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Montreal Impact's Lamar Neagle, left, and Toronto FC's Richard Eckersley battle for the ball during second half in Montreal, Saturday, April 7, 2012. (Graham Hughes/Graham Hughes/THE CANADIAN PRESS)
Montreal Impact's Lamar Neagle, left, and Toronto FC's Richard Eckersley battle for the ball during second half in Montreal, Saturday, April 7, 2012. (Graham Hughes/Graham Hughes/THE CANADIAN PRESS)

Impact sees struggling TFC as dangerous opponent Add to ...

Toronto FC may be off to a dreadful start in Major League Soccer, but the Montreal Impact fear that may make them even tougher in the Amway Canadian Championship.

TFC, winless in league play, may see Wednesday's matchup as a chance to turn its season around.

”It's a dangerous time to play them,” Montreal coach Jesse Marsch said this week. ”There's obviously some desperation there.

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”In this tournament, it's a fresh start for them and I'm sure that's what they're looking at. You can almost throw a lot of results out the window because now you're playing in a derby match, a cup game. We have to be ready for a hard-fought, emotional game.”

The two clubs meet in the first leg of the semifinals at Olympic Stadium, where TFC begins its bid for a fourth straight title. The Vancouver Whitecaps meet NASL club FC Edmonton in the other semifinal.

The Reds are 0-7-0 in MLS action this season, surrendering a league-worst 16 goals, while the expansion Impact is 2-5-2 and is unbeaten (2-0-1) on home turf.

The return leg of the two-game, aggregate goals series is a week later in Toronto.

Toronto coach Aron Winter will have his team up for Wednesday's game. He was unhappy at the lack of intensity his side showed in an earlier league loss this season in Montreal.

Despite his team's record, he is not backing down.

“I think that Montreal, the team, is not playing at this moment so well and that we can get a good result (Wednesday),” he said.

“We are preparing ourselves because it is also a derby. We have to again work hard together, stay together and try to get the good result.”

The Canadian Championship winner not only takes home the Voyageurs Cup but earns a berth in CONCACAF Champions League play. The promise of making a mark in international play has made it a priority for the Impact.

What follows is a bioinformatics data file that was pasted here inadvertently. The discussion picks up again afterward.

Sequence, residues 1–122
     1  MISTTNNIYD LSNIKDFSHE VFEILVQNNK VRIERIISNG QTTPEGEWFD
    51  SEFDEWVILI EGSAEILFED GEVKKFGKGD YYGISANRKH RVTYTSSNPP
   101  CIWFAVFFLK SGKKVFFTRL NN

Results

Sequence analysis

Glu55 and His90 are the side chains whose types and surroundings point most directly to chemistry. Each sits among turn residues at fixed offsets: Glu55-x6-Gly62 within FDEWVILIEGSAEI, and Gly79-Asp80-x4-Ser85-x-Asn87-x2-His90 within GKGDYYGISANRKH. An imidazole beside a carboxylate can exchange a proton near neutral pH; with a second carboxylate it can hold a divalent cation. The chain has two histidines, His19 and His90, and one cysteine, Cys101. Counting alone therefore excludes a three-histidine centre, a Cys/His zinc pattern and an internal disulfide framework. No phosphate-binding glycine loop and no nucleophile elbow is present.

Sporting director Nick De Santis even addressed the players this week on the importance of the competition to a club made up mostly of new arrivals from the U.S. and Europe

De Santis recalled 2009, when Montreal surprised many by reaching the Champions League quarter-finals. They drew more than 55,000 to Olympic Stadium for a 2-0 victory, but then collapsed in the second half of the second leg of an embarrassing loss to Santos Laguna in Mexico.

Toronto went one better in the 2011-12 Champions League, knocking off the LA Galaxy in the quarter-finals in March to become the first Canadian club to reach the semifinals.

But they suffered the same fate as Montreal two years earlier. They beat Santos Laguna in the opening leg at home, then were drilled for four second-half goals in the return match on April 4 for a 7-3 aggregate loss.

”We talked a bit before practice about how important these games are,” said forward Eduardo Sebrango, a key member of the 2009 Impact and one of the few who made the jump with the team to MLS. ”We experienced what it's like in CONCACAF and we want to do that again.

”We'll take these games seriously. It's huge for us. And obviously Toronto's in a bad spot so it's going to be a huge game for them as well.”

TFC has at least got its attack on track in recent matches but defence continues to be a trouble spot. On the weekend, they battled evenly with a top club, Real Salt Lake, only to give up a late goal for the 3-2 loss.

Their record includes a 2-1 setback at Olympic Stadium on April 7, the Impact's first MLS victory. Montreal is coming off a 2-0 win at home over Portland.

Both clubs will also have in mind key league matches on the weekend. TFC will be at home to Dwayne De Rosario and D.C. United on Saturday, while the Impact travel to first-place Sporting Kansas City.

But 39-year-old Sebrango said nothing matches the emotion of a cup series, particularly against a rival.

”They are more intense because it's only two games,” the Cuban-born striker said. ”They're almost like playoff games. It's a short series and, if you're not ready, you'll be out of the competition in a week.

”Obviously our fans hate Toronto and the Toronto fans hate us. I expect some fans from Toronto to make the trip. It will be fun to be involved.”

Montreal is expected to make few changes with Jeb Brovsky expected to fill in at right back for Zarek Valentin, who suffered a bruised calf against Portland.

Left side midfielder Justin Mapp rode a bike on the sidelines during practice this week. If he is unable to play, Sinisa Ubiparipovic could start.

For Toronto, Nick Soolsma (hamstring) is not yet ready while fellow forward Danny Koevermans (groin) is also doubtful.

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